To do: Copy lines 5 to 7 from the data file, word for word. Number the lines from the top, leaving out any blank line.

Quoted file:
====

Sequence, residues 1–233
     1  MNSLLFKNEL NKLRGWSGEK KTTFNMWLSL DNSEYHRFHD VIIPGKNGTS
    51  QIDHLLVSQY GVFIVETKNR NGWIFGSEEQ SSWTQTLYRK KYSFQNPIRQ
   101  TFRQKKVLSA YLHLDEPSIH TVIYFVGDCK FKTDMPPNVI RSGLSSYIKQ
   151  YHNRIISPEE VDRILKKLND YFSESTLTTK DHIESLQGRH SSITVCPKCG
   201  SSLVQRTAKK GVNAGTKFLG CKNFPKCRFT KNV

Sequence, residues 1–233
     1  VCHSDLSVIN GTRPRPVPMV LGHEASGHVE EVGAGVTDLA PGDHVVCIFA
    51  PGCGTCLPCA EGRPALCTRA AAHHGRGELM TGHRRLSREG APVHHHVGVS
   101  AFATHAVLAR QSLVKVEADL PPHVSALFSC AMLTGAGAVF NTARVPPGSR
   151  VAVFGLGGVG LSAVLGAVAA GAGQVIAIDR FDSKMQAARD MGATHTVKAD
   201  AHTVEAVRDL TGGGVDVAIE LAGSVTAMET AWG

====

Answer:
   151  YHNRIISPEE VDRILKKLND YFSESTLTTK DHIESLQGRH SSITVCPKCG
   201  SSLVQRTAKK GVNAGTKFLG CKNFPKCRFT KNV

Sequence, residues 1–233